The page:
The description of an Enrichment Culster below was taken from:
. . . The Enrichment Clusters
The enrichment clusters, one component of the Schoolwide Enrichment Model, are non-graded groups of students who share common interests, and who come together during specially designated time blocks during school to work with an adult who shares their interests and who has some degree of advanced knowledge and expertise in the area. The enrichment clusters usually meet for a block of time weekly during a semester. All students complete an interest inventory developed to assess their interests, and an enrichment team of parents and teachers tally all of the major families of interests. Adults from the faculty, staff, parents, and community are recruited to facilitate enrichment clusters based on these interests, such as creative writing, drawing, sculpting, archeology and other areas. Training is provided to the facilitators who agree to offer the clusters, and a brochure is developed and sent to all parents and students that discusses student interests and select choices of enrichment clusters. A title and description that appeared in a brochure of clusters in a school using the SEM follows:
Are you an inventive thinker? Would you like to be? Brainstorm a problem, try to identify many solutions, and design an invention to solve the problem, as an inventor might give birth to a real invention. Create your invention individually or with a partner under the guidance of Bob Erikson and his students, who work at the Connecticut Science Fair. You may share your final product at the Young Inventors' Fair on March 25th, a statewide daylong celebration of creativity.
Students select their top three choices for the clusters and scheduling is completed to place all children into their first, or in some cases, second choice. Like extracurricular activities and programs such as 4-H and Junior Achievement, the main rationale for participation in one or more clusters is that students and teachers want to be there. All teachers (including music, art, physical education, etc.) are involved in teaching the clusters; and their involvement in any particular cluster is based on the same type of interest assessment that is used for students in selecting clusters of choice.
The model for learning used with enrichment clusters is based on an inductive approach to solving real-world problems through the development of authentic products and services. Unlike traditional, didactic modes of teaching, this approach, known as enrichment learning and teaching (described fully in a later section), uses the Enrichment Triad Model to create a learning situation that involves the use of methodology, develops higher order thinking skills, and authentically applies these skills in creative and productive situations. Enrichment clusters promote cooperativeness within the context of real-world problem solving, and they also provide superlative opportunities for promoting self-concept. "A major assumption underlying the use of enrichment clusters is that every child is special if we create conditions in which that child can be a specialist within a specialty group" (Renzulli, 1994, p. 70).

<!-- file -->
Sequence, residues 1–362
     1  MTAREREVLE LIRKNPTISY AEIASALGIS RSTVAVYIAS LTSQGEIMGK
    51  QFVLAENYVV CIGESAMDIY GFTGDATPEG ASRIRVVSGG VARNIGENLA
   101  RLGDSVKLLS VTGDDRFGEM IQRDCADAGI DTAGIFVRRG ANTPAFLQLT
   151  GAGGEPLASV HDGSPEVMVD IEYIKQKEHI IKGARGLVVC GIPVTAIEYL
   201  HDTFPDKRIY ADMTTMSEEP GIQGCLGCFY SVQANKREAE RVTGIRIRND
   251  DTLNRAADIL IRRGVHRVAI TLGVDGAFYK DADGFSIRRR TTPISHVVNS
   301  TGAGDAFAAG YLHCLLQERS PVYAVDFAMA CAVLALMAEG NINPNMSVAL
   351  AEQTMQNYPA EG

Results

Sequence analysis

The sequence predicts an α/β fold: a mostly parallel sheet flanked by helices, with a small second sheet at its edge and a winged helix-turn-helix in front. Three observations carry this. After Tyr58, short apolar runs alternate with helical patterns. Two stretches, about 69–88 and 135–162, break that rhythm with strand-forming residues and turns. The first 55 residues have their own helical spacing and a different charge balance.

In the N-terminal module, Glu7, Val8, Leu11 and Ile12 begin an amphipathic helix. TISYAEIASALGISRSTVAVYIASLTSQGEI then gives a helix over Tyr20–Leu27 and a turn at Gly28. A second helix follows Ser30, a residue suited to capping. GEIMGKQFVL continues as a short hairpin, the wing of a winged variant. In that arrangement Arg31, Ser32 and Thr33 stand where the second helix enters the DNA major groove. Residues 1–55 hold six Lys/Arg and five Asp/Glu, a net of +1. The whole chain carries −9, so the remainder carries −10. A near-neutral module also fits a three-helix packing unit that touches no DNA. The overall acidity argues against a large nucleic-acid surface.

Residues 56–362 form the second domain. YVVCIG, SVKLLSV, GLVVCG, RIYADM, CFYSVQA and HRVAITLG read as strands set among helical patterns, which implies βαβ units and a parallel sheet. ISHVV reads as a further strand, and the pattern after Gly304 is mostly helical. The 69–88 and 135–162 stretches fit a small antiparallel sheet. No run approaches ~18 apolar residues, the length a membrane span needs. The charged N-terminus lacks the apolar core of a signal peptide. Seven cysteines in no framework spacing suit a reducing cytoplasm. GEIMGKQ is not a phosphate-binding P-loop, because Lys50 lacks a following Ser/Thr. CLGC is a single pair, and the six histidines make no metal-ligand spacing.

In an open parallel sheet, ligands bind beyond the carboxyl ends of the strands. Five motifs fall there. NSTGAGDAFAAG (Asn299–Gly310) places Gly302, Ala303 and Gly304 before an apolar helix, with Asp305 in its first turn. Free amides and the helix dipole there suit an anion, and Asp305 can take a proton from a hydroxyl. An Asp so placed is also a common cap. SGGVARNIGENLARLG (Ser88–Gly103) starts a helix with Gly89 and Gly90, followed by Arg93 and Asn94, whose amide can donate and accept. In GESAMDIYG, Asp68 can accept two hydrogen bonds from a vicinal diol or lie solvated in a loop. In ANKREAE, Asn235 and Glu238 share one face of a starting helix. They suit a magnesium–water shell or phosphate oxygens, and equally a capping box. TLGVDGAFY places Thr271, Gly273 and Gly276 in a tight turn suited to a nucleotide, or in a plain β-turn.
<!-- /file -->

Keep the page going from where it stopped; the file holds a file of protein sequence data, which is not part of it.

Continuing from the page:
Enrichment clusters are organized around various characteristics of differentiated programming for gifted students on which the Enrichment Triad Model (Renzufli, 1977) was originally based, including the use of major disciplines, interdisciplinary themes, or cross-disciplinary topics (e.g. a theatrical/television production group that includes actors, writers, technical specialists, costume designers). The clusters are modeled after the ways in which knowledge utilization, thinking skills, and interpersonal relations take place in the real world. Thus, all work is directed toward the production of a product or service. No lesson plans or unit plans are created in advance by the cluster facilitator; rather, direction is provided by three key questions addressed in the cluster by the facilitator and the students:
Enrichment clusters incorporate the use of advanced content, providing students with information about particular fields of knowledge, such as the structure of a field as well as the basic principles and the functional concepts in a field (Ward, 1960). Ward defined functional concepts as the intellectual instruments or tools with which a subject specialist works, such as the vocabulary of a field and the vehicles by which persons within the field communicate with one another. The methodology used within a field is also considered advanced content by Renzulli (1988a), involving the use of knowledge of the structures and tools of fields, as well as knowledge about the methodology of particular fields. This knowledge about the methodologies of fields exists both for the sake of increased knowledge acquisition, and also for the utility of that know-how as applied to the development of products, even when such products are considered advanced in a relative sense (i.e. age, grade, and background considerations).
The enrichment clusters are not intended to be the total program for talent development in a school, or to replace existing programs for talented youth. Rather, they are one vehicle for stimulating interests and developing talent potentials across the entire school population. They are also vehicles for staff development in that they provide teachers an opportunity to participate in enrichment teaching, and subsequently to analyze and compare this type of teaching with traditional methods of instruction. In this regard the model promotes a spill-over effect by encouraging teachers to become better talent scouts and talent developers, and to apply enrichment techniques to regular classroom situations.
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